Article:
Midway to Krabi and 1 hour's boat ride from Phuket's Bang Rong Pier (north of Boat Lagoon, turn east at the Heroines' Monument), the twin islands of Ko Yao Yai and Ko Yao Noi ("Big Long Island" and "Little Long Island") are where nature lovers head to enjoy some scenery and relax. A world apart from the clamor of Ko Phi Phi, Phang Nga Bay's two largest islands are not as yet very touristy and are great for cruising by motorbike or mountain bike (available for rent on both islands at around 200B/100B per day).

A couple of reasons these islands never became as popular as Ko Phi Phi is that most beaches are rather stony and the sea is not as clear as around nearby islands, so they are not great for swimming. The nearest things to civilization on Ko Yao Noi are the 7-Eleven store and ATM, and there's still not a traffic light to be seen. Yet this is the more developed of the two islands, with a road running all the way around it and a rapidly growing choice of resorts (mostly on the east coast). Ko Yao Yai, by contrast, has just a few roads and a handful of places to stay.

More active travelers can go kayaking, bird-watching, or head off to snorkel and explore nearby uninhabited islands by longtail; any resort can make arrangements. In addition, there's fishing, jungle walks, or the exhaustive sport of hammock swinging: It all makes for a perfect island escape.

Ferries to both islands leave Bang Rong Pier approximately hourly throughout the day, and cost 120B. Call ahead to your accommodations to arrange transport from the pier.

Where to Stay -- Some resorts on Ko Yao Noi open all year, while others close during the rainy season (May-Sept). There's such a range of choice (with several new places set to open in 2010) that you might pay anywhere between 1,000B and 400,000B for a room (yes, that's for 1 night). For a laid-back budget bungalow resort, try Sabai Corner (tel. 07659-7497;, which has a handful of bungalows from 1,000B; each has a different design but all have spacious balconies and hammocks. The restaurant here serves up tasty Thai and Italian dishes. A good midrange choice is Lom'Lae Resort (tel. 07659-7486;, situated on a tranquil beach at the south end of the island, with rooms from 2,000B (closed May-Sept); it also has a dive shop. Right next door (though vegetation is so dense that guests probably never know) is the tiny, upmarket Koyao Bay Pavilions (tel. 07659-7441;, where the three gorgeous villas go for around 10,000B. You'll find similar prices and facilities at Ko Yao Island Resort (tel. 07659-7474;, about halfway down the east coast in a former coconut plantation. This place has 15 thatched and well-spaced villas with indoor and outdoor bathrooms.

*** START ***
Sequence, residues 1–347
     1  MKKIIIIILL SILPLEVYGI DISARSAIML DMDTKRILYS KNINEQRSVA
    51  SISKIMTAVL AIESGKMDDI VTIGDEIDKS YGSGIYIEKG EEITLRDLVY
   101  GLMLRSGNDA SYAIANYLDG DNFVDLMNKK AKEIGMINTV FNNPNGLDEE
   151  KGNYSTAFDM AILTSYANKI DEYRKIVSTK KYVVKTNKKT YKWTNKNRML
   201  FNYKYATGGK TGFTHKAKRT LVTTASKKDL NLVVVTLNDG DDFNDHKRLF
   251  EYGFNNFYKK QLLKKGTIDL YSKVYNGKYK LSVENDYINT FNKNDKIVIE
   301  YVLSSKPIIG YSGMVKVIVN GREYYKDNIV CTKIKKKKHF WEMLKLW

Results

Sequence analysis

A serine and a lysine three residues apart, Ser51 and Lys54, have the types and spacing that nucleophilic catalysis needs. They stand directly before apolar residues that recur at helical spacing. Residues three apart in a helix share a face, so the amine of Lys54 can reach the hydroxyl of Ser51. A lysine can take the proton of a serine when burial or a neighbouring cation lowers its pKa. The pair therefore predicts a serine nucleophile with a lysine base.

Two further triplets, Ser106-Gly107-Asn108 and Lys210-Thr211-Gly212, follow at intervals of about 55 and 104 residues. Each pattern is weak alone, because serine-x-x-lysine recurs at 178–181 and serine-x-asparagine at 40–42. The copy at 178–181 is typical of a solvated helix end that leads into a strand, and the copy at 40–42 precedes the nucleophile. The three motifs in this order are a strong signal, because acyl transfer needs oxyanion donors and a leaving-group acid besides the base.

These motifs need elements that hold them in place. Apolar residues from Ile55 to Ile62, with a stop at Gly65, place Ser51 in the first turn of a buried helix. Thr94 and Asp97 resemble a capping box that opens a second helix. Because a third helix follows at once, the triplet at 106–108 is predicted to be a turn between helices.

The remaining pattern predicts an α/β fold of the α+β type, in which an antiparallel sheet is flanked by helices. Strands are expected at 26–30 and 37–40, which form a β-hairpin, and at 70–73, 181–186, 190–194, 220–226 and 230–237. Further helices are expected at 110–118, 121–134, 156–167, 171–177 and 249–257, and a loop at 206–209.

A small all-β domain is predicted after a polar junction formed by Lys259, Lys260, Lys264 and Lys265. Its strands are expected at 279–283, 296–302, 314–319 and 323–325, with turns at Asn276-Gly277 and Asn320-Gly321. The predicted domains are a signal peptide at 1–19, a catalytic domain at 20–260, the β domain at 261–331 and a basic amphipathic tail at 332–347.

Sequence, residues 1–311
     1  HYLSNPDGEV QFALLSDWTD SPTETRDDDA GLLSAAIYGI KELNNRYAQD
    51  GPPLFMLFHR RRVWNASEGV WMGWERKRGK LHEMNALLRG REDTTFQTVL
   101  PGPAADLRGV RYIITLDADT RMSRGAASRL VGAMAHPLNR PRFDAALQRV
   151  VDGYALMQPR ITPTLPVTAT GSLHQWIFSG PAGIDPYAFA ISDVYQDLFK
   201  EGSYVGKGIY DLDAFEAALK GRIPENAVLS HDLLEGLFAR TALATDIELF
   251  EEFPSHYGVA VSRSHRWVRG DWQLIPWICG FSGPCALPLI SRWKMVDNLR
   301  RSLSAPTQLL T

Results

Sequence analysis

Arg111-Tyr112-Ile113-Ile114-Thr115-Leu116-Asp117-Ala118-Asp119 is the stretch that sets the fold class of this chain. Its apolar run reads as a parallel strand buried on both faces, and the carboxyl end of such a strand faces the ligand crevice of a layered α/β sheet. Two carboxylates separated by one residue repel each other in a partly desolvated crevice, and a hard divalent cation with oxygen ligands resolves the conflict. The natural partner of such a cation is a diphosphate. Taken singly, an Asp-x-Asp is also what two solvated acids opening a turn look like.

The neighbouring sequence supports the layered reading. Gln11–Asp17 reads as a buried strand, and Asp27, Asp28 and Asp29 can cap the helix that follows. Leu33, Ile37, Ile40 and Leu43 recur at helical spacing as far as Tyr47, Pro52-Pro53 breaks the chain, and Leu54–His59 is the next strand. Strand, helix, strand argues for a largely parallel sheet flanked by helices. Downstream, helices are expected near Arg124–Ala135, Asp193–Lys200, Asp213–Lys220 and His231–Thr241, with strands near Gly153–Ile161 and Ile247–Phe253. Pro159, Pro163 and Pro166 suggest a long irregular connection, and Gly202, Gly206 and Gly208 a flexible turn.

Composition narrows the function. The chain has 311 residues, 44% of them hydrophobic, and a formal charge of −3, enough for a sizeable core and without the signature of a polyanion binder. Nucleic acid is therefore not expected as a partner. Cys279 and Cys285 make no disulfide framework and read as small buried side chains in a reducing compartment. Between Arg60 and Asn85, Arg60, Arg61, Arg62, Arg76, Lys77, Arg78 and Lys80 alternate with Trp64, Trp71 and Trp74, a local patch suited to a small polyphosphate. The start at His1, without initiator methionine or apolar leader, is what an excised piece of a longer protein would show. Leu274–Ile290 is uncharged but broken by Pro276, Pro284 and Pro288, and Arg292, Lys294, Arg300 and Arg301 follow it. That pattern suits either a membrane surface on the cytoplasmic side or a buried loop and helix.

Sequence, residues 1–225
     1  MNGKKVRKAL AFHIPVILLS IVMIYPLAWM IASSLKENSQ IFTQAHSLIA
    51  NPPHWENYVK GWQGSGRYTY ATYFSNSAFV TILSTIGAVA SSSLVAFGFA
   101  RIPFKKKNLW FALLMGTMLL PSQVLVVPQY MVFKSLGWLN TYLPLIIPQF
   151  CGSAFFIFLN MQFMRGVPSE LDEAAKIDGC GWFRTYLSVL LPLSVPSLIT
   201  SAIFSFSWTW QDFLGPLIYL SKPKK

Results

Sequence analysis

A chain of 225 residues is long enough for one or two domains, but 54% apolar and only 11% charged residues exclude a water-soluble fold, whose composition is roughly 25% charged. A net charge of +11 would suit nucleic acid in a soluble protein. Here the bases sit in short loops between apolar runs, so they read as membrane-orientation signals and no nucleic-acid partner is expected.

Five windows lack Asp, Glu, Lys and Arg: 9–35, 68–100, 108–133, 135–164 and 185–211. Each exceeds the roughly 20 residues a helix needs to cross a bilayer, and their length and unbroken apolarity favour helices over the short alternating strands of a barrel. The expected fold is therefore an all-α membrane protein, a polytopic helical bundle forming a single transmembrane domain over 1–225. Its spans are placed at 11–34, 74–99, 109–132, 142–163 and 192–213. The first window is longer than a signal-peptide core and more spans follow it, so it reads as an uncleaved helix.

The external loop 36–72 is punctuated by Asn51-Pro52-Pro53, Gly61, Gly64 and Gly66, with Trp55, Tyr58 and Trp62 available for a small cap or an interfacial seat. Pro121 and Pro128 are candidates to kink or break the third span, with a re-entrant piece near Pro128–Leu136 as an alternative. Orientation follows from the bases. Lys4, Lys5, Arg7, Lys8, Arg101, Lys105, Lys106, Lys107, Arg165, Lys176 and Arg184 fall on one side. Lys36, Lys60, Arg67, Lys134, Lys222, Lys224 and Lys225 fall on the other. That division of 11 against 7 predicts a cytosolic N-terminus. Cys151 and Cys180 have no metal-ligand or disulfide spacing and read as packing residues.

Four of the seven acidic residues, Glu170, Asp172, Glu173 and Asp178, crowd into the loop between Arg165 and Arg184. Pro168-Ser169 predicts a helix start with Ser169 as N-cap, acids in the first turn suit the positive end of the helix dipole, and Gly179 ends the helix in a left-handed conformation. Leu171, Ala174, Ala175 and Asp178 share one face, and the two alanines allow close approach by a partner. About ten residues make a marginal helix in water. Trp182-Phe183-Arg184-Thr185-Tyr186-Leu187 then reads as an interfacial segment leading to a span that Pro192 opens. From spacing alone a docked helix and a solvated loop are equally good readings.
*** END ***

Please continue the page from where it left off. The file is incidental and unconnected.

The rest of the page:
If you need a break from your chosen resort on Ko Yao Noi, head on down to Pyramid Bar & Restaurant (tel. 081415-5274) at the south end of the east coast, where they serve decent Thai food and good burgers. They also have a pool table and occasional live music.

On Ko Yao Yai, the Yao Yai Island Resort (tel. 081968-4641; has bungalows from 1,100B, and the similarly priced Heimat Gardens Guesthouse (tel. 085794-7428; is equally close to the beach and offers friendly service.

Racha Islands & Phang Nga Bay

From Chalong Bay at the south end of Phuket, there's a hulking daily ferry service to the idyllic islet of Ko Racha (aka Ko Raya or Ko Raja), a delightful island getaway with a perfect white-sand beach. It's hugely popular with day-trippers in the dry season. Sybarites in search of seclusion can also splash out at their own pool villa at The Racha (tel. 07635-5455;, a magnificent contemporary-styled luxury hotel that cascades down the hill to the cerulean sea. (The hotel offers speedboat transfers to its guests, subject to the weather.) You'll need deep pockets for their premium Lighthouse suite, which costs 65,000B, but if that seems a bit steep, you can get deluxe villa rates online for 9,200B.

Phang Nga Bay, with its towering karst limestone spires, is a very popular day trip by boat -- some might say too popular, with hordes of tour groups descending on its tiny beaches. A more peaceful trip around the bay by sea kayak is possibly a better bet. Ko Phi Phi is another oversold day trip for snorkeling, or more commonly an overnight stay from Phuket.

Note: This information was accurate when it was published, but can change without notice. Please be sure to confirm all rates and details directly with the companies in question before planning your trip.